Friday, 4 March 2016

Playing with Mass

Children need time to play with maths and explore it in ways they want to. 

They also need time to grasp concepts in ways that make sense to them and that happens best when they are in control of how to learn. 

Maths learning shouldn't always be teacher directed and often it is when we take a few steps back that amazingly authentic and deep learning happens.

As we are exploring the measurement of mass and had recently enquired into the differences between mass and weight, children were grouped and presented with four key words:   mass    weight    decimals   gravity

Investigate and experiment and in half an hour you will share with us what you did and what you discovered.

They were the only instructions given.

Kitchen scales, bathroom scales, force scales and balance scales with weights were provided and they had access to everything else in our room.

Most groups gravitated towards the balance scales first.  It makes sense, I thought, they do look fun to explore and play with.

Some groups became interested in finding out if there was a relationship between the grams and millilitres.  Does it mean a kilogram equals 1 litre of water?  Is the metric system designed for that connection?`

Others wondered if the mass of water can change if you blow bubbles into it and attempted to measure a difference.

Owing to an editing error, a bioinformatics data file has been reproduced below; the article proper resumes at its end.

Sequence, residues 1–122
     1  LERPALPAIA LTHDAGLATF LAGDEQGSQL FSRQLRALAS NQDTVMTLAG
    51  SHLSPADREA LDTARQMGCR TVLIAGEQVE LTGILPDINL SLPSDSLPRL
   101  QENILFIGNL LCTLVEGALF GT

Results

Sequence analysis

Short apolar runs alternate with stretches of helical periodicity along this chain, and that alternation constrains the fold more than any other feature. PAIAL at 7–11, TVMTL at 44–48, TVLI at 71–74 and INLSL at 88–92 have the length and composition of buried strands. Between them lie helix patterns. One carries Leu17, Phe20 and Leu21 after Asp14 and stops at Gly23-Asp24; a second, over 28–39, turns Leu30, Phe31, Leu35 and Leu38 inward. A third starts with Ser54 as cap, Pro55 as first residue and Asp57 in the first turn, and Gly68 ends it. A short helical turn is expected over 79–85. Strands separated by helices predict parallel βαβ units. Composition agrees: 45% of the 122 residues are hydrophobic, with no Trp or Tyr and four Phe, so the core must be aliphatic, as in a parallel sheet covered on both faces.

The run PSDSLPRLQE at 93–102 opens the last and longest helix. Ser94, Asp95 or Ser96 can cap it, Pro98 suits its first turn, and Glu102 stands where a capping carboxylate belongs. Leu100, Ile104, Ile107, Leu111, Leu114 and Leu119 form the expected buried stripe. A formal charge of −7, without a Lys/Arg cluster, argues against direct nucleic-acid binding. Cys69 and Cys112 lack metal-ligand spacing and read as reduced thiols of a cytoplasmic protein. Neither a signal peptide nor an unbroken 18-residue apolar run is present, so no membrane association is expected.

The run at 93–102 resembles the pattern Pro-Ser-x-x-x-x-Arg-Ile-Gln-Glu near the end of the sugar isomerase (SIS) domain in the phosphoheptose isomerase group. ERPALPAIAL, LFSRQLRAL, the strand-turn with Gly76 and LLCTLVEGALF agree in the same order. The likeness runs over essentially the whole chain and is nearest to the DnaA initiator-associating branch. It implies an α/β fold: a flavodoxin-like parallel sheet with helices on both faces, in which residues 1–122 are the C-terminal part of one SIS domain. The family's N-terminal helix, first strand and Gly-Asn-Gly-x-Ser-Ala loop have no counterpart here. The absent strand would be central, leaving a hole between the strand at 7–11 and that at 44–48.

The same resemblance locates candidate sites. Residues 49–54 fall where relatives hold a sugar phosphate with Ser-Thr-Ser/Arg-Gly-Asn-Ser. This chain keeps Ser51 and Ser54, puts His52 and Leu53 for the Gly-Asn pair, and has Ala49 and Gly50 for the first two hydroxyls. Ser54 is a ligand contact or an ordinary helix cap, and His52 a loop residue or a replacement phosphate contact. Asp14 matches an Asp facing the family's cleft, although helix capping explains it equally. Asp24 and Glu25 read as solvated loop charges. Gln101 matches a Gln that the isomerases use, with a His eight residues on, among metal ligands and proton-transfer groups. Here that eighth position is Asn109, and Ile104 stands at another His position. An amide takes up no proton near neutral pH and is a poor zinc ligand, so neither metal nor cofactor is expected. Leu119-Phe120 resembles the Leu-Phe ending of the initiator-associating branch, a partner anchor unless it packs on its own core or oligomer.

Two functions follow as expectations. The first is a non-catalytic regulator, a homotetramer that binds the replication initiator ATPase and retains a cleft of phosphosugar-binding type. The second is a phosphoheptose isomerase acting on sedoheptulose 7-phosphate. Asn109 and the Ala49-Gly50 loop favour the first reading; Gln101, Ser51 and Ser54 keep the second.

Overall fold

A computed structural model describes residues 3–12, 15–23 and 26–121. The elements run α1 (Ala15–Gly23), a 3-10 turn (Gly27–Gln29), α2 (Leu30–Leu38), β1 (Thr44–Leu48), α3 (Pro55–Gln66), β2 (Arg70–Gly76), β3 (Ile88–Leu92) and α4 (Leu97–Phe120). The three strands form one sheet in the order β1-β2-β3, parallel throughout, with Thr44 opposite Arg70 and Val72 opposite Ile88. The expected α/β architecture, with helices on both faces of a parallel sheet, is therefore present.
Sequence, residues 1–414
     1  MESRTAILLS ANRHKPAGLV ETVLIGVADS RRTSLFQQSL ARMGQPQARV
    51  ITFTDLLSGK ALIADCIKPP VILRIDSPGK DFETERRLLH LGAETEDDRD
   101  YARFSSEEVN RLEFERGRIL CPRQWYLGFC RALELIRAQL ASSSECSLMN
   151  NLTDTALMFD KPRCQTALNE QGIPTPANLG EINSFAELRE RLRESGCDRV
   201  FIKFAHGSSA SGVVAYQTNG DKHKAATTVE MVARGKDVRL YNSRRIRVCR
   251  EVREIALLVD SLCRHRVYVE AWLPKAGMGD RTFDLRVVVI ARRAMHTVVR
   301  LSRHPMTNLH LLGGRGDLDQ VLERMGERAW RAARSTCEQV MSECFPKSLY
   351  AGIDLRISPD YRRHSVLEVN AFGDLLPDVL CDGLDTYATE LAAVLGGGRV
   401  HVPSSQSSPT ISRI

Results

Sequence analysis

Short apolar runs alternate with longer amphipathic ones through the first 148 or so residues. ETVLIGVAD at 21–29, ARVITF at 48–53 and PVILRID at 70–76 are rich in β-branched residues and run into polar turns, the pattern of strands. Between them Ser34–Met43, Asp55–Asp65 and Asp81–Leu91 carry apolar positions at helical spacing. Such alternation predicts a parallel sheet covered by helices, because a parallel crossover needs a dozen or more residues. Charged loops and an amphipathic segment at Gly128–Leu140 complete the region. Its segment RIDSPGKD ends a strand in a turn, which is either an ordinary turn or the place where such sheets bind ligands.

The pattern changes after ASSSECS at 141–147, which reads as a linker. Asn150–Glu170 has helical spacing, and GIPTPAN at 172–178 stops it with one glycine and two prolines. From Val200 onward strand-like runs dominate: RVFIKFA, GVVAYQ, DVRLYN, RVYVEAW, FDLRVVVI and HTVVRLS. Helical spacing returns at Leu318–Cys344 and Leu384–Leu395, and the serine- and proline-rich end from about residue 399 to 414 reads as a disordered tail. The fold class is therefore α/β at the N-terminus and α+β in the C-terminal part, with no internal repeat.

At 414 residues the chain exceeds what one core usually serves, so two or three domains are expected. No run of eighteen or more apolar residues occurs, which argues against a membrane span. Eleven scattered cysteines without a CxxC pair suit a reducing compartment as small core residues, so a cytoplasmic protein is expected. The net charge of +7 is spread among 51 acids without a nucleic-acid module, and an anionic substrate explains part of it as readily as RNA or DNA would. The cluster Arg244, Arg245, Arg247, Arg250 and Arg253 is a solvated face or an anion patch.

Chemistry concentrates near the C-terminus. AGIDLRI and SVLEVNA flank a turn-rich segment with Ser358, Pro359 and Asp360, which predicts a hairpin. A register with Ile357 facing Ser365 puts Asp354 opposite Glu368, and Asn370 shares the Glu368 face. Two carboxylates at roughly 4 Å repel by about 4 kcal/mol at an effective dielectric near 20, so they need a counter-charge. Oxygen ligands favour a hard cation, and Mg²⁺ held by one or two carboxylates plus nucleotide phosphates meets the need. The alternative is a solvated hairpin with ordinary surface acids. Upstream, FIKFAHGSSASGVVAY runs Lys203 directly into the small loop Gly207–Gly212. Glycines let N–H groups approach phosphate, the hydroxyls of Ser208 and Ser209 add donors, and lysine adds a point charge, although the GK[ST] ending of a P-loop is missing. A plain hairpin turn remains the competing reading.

Some chose to test the measurements with different scales to see of they would get the same readings or not.

Others used informal units or estimated the mass of different objects and then measured how accurate their estimates were. 

One group wondered that when they push their hand down on the kitchen scales, whether that was their hand or the force of pushing down that was creating the measured mass or not. Can we then measure the mass of force?!? An interesting question!

Some groups dropped objects onto scales and wondered what made the kitchen scale measurement hand move when the object first landed on it.  Does that mean the force of the impact of the falling object have mass?  Does force have a mass?

Another group wanted to know how could they measure the mass of snowflakes. It was a gorgeous fat-snowflaking day so they took different scales outside attempting to measure the mass of snowflakes. They came back saying they couldn't find a way,but they felt they were successful because they tried different strategies.  Hurray! Our message we discuss throughout the year that mistakes and 'failure' can be perceived as successes being applied! :)

It was interesting to observe the different approaches children took. Those who felt it was important to record their findings and those who preferred to simply discuss and question.

It was also interesting to hear children discussing how gravity is pulling down on the objects when placed in the balance scales.

Others investigated the relationship between Newtons and grams using the force scales and tried to find the connections between those units.

These discoveries and investigations came from their own curiosity and creativity.  Rich mathematical and scientific discussions took place and I thought about how important it really is that we give children time to play and explore maths in this way.  Later as our unit into measuring mass continues, they will have a stronger awareness of what we are referring to when we discuss grams and kilograms etc.

Student owned and led enquiries are pivotal to authentic maths learning!

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